Saturday, July 30, 2011

Vintage Germanium on 20m



Some months ago a surprise package turned up in my mailbox. An anonymous donor had sent me three wonderful, old germanium transistors. The 2N170 and a pair of 2N107's (all date-coded December 1956) were still in their original plastic tube packaging.



A thin booklet, Type 2N107 Transistor Circuits for Experimenters  [and] Amateurs, was also included. The circuits shown in the booklet appear to be aimed at the rank beginner: audio amplifiers, code practice oscillators and the like. However, the "Simple Radio Receiver" caught my eye (lower right-hand corner below). 


This was exactly the sort of project that captivated me in my early youth. Growing up in St. Louis, Missouri in the late 1960's, I enjoyed listening to baseball and ice hockey games on KMOX, and pop music on KXOK, using a wide variety of simple homemade AM radio receivers. Although there's nothing much of interest to me on the broadcast AM radio dial these days, I have a nostaligia for the simple circuits that marked my first steps in amateur radio. By the way, this same circuit also appeared in the first (1957) through the seventh (1964) editions of the General Electric Transistor Manual.

While I'm not now interested in listening to broadcast AM radio, a direct-conversion receiver suitable for copying CW only requires the addition of a beat-frequency oscillator (BFO) to the above receiver circuit. With sufficient BFO drive the germanium diode can be made to function as a commutating (switching) mixer. On the other hand, a single diode mixer has several notable disadvantages; perhaps the worst is the relative lack of AM signal rejection. This type of mixer also creates more spurious frequency energy and the port-to-port isolation is quite inferior as compared to more advanced designs.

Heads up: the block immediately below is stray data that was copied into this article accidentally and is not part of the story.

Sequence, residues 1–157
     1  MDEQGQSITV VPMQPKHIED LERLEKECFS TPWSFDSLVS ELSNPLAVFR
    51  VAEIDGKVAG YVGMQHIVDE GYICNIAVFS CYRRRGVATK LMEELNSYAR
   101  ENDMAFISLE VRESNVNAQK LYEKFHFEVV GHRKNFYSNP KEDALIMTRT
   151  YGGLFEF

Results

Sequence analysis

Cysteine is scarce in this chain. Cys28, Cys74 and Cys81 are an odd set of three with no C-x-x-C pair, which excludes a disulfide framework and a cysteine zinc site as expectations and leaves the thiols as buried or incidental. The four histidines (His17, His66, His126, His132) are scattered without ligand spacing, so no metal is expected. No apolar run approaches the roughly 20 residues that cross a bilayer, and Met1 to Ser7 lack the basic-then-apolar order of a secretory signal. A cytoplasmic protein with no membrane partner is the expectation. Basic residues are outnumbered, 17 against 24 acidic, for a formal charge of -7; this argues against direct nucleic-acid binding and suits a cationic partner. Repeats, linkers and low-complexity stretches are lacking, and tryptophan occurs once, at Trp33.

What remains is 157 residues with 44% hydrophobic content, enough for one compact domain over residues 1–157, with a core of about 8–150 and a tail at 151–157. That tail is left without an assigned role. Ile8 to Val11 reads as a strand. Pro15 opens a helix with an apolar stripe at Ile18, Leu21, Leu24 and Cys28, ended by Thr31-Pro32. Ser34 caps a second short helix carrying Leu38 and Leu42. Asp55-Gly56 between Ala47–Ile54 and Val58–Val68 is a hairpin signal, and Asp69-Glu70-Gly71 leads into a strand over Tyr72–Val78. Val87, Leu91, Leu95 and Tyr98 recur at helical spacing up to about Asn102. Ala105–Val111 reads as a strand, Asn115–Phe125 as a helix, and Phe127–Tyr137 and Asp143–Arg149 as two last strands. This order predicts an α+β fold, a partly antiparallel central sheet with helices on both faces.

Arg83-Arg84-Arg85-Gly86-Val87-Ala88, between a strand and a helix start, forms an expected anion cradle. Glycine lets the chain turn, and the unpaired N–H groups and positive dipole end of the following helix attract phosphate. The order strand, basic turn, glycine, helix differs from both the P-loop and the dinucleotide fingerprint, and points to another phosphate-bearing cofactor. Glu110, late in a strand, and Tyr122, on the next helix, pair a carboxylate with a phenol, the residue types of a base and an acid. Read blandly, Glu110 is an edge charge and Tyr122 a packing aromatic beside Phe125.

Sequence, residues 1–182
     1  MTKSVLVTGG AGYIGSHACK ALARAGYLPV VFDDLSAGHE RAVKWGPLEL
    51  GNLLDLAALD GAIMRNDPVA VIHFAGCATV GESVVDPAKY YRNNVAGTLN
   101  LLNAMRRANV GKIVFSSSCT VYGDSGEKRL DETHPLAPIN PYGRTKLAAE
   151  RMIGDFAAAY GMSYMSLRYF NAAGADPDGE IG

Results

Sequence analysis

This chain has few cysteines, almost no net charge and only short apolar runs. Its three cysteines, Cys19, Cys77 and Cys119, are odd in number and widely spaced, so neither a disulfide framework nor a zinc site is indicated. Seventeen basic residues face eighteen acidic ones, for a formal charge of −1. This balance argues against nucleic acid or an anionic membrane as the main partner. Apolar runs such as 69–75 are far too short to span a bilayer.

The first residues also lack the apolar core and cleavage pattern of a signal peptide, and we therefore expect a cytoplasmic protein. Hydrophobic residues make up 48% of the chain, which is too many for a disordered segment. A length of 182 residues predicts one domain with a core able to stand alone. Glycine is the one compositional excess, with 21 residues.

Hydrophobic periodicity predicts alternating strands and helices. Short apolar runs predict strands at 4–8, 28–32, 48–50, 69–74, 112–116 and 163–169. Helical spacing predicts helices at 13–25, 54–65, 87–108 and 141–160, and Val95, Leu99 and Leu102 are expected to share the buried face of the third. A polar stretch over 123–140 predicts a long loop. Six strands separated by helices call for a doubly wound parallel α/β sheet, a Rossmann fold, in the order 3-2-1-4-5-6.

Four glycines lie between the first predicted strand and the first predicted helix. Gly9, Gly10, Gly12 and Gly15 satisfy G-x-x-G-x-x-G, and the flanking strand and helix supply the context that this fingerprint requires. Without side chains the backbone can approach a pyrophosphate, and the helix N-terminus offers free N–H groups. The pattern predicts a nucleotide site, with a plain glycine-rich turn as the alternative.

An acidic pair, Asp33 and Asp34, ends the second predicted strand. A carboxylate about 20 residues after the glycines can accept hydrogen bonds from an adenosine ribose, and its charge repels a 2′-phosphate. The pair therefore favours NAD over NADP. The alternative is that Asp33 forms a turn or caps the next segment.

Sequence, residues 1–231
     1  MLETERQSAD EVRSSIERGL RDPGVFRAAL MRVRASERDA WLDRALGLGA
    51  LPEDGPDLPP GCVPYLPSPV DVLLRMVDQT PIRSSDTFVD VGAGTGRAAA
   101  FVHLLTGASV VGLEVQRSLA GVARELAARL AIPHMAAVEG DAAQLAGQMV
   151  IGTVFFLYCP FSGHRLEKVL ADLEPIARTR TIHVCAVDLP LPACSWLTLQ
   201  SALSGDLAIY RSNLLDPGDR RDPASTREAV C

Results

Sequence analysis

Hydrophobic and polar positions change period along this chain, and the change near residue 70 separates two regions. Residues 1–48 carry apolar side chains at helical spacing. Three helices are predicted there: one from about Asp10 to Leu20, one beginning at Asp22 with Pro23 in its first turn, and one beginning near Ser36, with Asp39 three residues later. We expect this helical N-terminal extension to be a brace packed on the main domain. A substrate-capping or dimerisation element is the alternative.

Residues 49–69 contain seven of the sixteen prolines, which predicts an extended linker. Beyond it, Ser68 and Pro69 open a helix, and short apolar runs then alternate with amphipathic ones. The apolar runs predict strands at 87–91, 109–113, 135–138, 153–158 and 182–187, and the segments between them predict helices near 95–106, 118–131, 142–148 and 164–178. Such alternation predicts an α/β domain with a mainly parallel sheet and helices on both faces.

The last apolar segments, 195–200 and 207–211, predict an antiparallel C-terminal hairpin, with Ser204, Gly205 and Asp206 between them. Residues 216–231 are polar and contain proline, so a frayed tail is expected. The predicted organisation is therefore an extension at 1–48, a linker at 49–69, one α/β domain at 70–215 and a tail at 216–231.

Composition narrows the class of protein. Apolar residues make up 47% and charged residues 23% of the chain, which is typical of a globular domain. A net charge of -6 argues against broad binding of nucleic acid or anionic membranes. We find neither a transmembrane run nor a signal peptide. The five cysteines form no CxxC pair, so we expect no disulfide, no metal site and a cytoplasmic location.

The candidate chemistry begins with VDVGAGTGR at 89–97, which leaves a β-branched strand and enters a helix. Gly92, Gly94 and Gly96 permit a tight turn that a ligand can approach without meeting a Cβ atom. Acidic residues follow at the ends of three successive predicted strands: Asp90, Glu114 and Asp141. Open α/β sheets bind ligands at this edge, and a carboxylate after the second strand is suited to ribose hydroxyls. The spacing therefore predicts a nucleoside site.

Nevertheless, the more I thought about it the keener I became to find out how well a lad might have done with such a basic radio in the late 1950's...on 20m perhaps? Fortunately, all it took was a pleasant evening to find out.


The circuitry on the left-hand side of the proto-board in the above photo carries a crystal-controlled (14.059kHz) beat-frequency oscillator made from a Philco surface barrier transistor (1959 date-code). This oscillator generates 13mw of RF output power. A miniature 50 Ohm potentiometer acts as the oscillator load and BFO input signal power splitter.  

Yes, that's a cat's whisker and galena detector working as the switching mixer in the above photograph! Alternate mixer diodes are shown in the foreground. The left-hand diode is a classic, large glass 1N34A made by Sylvania in the early to mid-1950's. To the right is a red plastic-packaged 1N66 (date-coded March 1957) diode made by Raytheon. This was Raytheon's equivalent to Sylvania's hot selling 1N34A.


Here's the circuit that I'm using (BFO details are not shown).

C1: 130pF
C2: 1.2nF
C3, C4: 10nF
C5: 1uF (although it's not necessary I used a non-polarized capacitor)
C6: 18nF
R1: 270k Ohms (optimum value depends upon the transistor used)
L1: ~1uH, slug-tuned, 14.5t, tap 6t from ground-end, 9 x 16mm)
L2: 470uH molded RF choke
HP: high-impedance magnetic
D1: 1N34 or most any point-contact diode arrangement 
Q1: 2N107, PNP germanium transistor (mine is date-coded Feb. 1957)

Signals were heard as soon as I powered-up my new receiver. I began using the Sylvania 1N34A as my mixer diode. When things became quiet on the QRP calling frequency I substituted my RF bench signal generator for the crystal-controlled BFO, in order to roam around the band. After logging a dozen or so DX calls I switched first to the Raytheon 1N66, and finally to the cat's whisker and galena. The galena appeared to be at least as sensitive as my vintage commercial diodes in this application.